Exergaming gets a Wii bit technical

CALL it The Great Indoors. From May 8, Australians will be able to do ski jumping, snow boarding, even tightrope walking — indoors. With the help of a video game, of course.

Computers have often been accused of fuelling the sedentary, stay-at-home lifestyle. Nintendo’s latest product, Wii Fit, will keep its users at home, to be sure, but its backers claim it is anything but sedentary. But why fork out $149.95 for Wii Fit when you can do the real-world activity, in many cases, free?

Wii Fit is an extension of Wii Sport, released in 2005, which allowed users to “play” simulated Nintendo sports while watching a computer-generated character of themselves competing. Wii Fit, by contrast, uses a wireless motion-sensitive “balance board”. Stand on the board, and Wii Fit will measure Body Mass Index and centre of gravity. After that, there are 40 exercises: balance games such as ski jump and tightrope walk; yoga poses; muscle workouts; and aerobic exercises including boxing.

The Wii Fit and console are available thru an American company called Exergame Fitness. E-Fit is the leader in interactive fitness programs for kids, teens and adults in America. On their USA website they sell Exergame Fitness equipment to YMCA’s, Schools, Park Districts and more.


Tom Seilheimer CEO of
Exergame Fitness says “The Wii Fit and Wii gaming console is really bringing Exergaming to the forefront of the fitness industry. A rapid incline of obesity rates in America is affecting every demographic age group therefore Exergaming is a positive way to bring families & kids together by associating fitness with gaming. These 2 simple concepts combined will deliver mind blowing health benefits without the needs of traditional fitness routines. It’s 2008 and kids love to play games…why not just add healthy benefits to what they are already doing?!”

All the exercises, except jogging, involve placing some body part on the balance board “so your on-screen instructor ensures you perform every exercise correctly”. Wii Fit, of course, stores all the fitness data on the Nintendo’s hard drive.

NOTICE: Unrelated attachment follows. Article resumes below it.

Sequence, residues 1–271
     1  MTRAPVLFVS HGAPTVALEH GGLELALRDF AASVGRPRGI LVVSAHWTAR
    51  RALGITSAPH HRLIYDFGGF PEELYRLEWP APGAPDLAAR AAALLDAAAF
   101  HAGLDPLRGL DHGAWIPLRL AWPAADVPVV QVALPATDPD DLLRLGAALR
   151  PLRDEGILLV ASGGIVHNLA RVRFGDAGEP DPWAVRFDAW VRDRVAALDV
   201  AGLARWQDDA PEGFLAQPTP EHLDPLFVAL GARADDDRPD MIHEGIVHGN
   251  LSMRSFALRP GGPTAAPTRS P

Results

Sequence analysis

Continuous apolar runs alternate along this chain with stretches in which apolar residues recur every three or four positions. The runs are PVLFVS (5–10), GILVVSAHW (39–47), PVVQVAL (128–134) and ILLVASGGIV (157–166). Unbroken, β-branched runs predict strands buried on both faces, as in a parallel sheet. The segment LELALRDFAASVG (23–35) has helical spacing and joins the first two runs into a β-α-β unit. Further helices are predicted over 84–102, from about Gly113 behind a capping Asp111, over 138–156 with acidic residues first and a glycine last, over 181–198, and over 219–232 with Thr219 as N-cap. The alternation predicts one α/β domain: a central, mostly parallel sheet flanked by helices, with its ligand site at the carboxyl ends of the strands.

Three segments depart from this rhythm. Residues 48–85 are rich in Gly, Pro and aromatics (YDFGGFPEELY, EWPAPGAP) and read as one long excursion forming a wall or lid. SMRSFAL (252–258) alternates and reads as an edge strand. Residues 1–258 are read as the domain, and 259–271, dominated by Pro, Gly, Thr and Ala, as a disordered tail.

Wii Fit is, to use industry parlance, an example of “exergaming”. But why do people need computer software to do something as basic as push-ups?

“Generation Y are technologically savvy people, they like doing stuff in front of computers. It’s what they’ve grown up with,” said Shannon Ferney, from the University of Queensland’s School of Human Movement. “It’s the next step, (going from) sitting in front of the computer playing the game to being the person (in the game). Me, I’d much rather go outside. I haven’t spoken to anyone who says they like using (Wii).” Dr Ferney obviously hasn’t been to Japan, where Wii Fit has sold nearly 2 million copies. It will be released in Europe this week, in Australia on May 8, and in the US on May 19.

Japan has notoriously little space for outdoor sports. But Australia does, so will Wii Fit take off here? “The price is a little high at $150 and a similar fitness-oriented concept from Sony and Nike a few years back called EyeToy Kinetic…was a spectacular failure,” said Australian games writer Jason Hill.

However, “the Wii has been extraordinarily popular in Australia — over 340,000 sold — mainly because of the novel motion-based control scheme, so I’m sure Wii owners will also be excited by the balance board in Wii Fit”.

Wii Fit and Nintendo’s “Brain Training” programs were part of the company’s shift from “kid’s time-waster” games to “lifestyle-oriented gadgetry good for people of all ages”, said Mr Hill.

“The pseudo-science behind the stated benefits is questionable, and Nintendo’s design genius Shigeru Miyamoto has even said, ‘I don’t think Wii Fit’s purpose is to make you fit,’ but I don’t think that matters as long as the games are fun in themselves.”

At the very least, however, Wii Sport and Wii Fit are a slight improvement on traditional video games. A study in February’s British Medical Journal by British researchers found that youngsters playing Wii Sport burned an extra 60 calories an hour compared to those playing sedentary games on a Microsoft Xbox.

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